The Thai prime minister says anti-government groups could resort to violence before the anniversary of the country's 2006 coup. But the rights groups question whether the threat is sufficient for the government to keep the capital under emergency rule.

The discovery of three unexploded bombs around Bangkok this week prompted Prime Minister Abhisit Vejjajiva to warn of more violence in the coming days, possibly caused by supporters of former Prime Minister Thaksin Shinawatra.

Mr. Thaksin was ousted in a military coup on September 19, 2006. His supporters, known as red shirts, led massive protests earlier this year that choked central Bangkok before the army broke up the demonstrations.

Kiat Sittheeamorn is president of the Thailand Trade Representative Office and a senior member of Mr. Abhisit's Democrat Party. He says the risk of violence is serious.

"We have some concerns over the next couple of weeks that there might be certain movements," Kiat said. "And that's the reason why we have to continue to keep the state of emergency for Bangkok and for a few other provinces in order to ensure that the officers can exercise their duty effectively."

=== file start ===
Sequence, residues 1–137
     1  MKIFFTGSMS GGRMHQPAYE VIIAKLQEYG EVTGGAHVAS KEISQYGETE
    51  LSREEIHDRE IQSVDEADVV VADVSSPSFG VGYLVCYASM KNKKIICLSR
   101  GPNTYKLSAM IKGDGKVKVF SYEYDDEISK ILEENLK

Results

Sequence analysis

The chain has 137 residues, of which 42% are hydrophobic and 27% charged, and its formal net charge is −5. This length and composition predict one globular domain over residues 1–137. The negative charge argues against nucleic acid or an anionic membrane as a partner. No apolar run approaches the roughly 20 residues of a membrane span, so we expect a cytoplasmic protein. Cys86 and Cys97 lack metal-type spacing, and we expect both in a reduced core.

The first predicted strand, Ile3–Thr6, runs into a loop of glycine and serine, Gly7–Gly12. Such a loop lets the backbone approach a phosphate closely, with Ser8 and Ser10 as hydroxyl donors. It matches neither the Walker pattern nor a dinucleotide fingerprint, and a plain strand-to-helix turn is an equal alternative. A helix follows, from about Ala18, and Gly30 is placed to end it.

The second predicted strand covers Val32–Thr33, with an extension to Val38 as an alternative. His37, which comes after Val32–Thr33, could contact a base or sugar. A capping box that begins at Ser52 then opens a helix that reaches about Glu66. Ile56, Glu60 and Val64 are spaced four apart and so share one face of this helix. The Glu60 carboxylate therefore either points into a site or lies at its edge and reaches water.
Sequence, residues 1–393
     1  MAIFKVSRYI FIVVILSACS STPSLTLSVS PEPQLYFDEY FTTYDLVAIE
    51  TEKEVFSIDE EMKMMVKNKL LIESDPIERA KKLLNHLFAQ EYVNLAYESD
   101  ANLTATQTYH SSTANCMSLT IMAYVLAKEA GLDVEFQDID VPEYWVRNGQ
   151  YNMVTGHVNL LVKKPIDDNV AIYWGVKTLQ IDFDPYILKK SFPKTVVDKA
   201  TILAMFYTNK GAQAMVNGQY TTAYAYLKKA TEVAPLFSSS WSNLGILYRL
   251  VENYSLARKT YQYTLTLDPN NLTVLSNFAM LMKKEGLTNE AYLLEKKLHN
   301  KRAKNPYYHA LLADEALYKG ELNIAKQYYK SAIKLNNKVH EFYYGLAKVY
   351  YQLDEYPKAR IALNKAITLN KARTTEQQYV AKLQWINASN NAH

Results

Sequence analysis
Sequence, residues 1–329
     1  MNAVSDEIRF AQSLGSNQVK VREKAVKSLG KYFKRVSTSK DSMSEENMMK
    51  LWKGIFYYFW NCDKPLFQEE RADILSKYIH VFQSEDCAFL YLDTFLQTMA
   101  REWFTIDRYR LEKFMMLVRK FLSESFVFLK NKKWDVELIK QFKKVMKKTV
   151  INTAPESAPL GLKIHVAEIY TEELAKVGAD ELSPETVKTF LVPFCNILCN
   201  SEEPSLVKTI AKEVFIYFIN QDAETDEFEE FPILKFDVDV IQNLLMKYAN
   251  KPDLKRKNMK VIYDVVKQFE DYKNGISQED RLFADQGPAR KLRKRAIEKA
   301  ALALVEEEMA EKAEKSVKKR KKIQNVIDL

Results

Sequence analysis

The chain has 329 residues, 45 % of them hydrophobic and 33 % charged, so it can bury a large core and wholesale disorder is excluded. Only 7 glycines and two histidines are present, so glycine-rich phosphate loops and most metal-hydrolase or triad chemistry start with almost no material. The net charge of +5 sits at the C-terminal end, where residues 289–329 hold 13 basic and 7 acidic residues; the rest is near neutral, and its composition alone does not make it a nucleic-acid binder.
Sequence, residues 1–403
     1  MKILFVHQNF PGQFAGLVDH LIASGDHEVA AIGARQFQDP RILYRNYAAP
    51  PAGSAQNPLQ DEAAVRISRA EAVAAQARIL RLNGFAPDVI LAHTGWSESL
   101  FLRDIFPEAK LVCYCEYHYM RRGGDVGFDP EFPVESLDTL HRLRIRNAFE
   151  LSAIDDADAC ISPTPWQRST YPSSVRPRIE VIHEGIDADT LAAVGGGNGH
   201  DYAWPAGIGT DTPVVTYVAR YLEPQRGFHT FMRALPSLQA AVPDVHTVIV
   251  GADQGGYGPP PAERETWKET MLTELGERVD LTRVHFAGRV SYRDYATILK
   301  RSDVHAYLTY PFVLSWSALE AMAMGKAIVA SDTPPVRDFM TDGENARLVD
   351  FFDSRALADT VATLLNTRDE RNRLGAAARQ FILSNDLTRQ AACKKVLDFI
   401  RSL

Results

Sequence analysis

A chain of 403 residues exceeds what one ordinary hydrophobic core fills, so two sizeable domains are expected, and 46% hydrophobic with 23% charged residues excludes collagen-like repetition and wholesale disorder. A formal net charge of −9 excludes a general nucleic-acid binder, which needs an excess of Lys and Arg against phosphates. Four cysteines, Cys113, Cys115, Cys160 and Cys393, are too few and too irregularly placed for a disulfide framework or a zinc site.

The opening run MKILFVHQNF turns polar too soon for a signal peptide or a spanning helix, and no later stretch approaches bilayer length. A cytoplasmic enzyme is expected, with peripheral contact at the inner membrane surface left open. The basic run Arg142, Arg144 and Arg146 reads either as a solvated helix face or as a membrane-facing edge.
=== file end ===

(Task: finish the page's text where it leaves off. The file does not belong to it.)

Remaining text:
Bangkok has been under emergency rule since April, during the protests. Before they ended, about 90 people - red shirts, bystanders, journalists and soldiers - died in fighting.

Security forces have arrested scores of red shirts and some of their leaders fled the country. Many red shirts now say the movement is in disarray and severely weakened.

Even so, last week, the government stepped up security in Bangkok, placing armed troops at 460 locations, such as railway stations and major government buildings.

Sunai Pasuk is the representative for Human Rights Watch here. While he says the threat appears genuine, he questions the need to maintain the state of emergency. The emergency powers allow the government to ban public gatherings, control the media and detain suspects for 30 days without charge.

"But what Human Rights Watch is deeply concerned is that the government seem to be manipulating fears ? to justify the on-going enforcement of the emergency decree," said Sunai. "All these threats they are real but not to the extent that they will undermine the survival of the Thai state."

Thailand has been gripped by political uncertainties since 2005, when Mr. Thaksin's opponents organized protests against him, which eventually led to the coup.

His critics, mostly from Thailand's urban middle and upper class, say Mr. Thaksin abused his power and was corrupt. His supporters, from rural areas and city slums, say he addressed their needs with programs such as cheaper health care and village development loans.

Mr. Thaksin faces a two-year jail term for corruption charges and lives overseas. But he stays in contact with his supporters, including leaders of the opposition Puea Thai Party.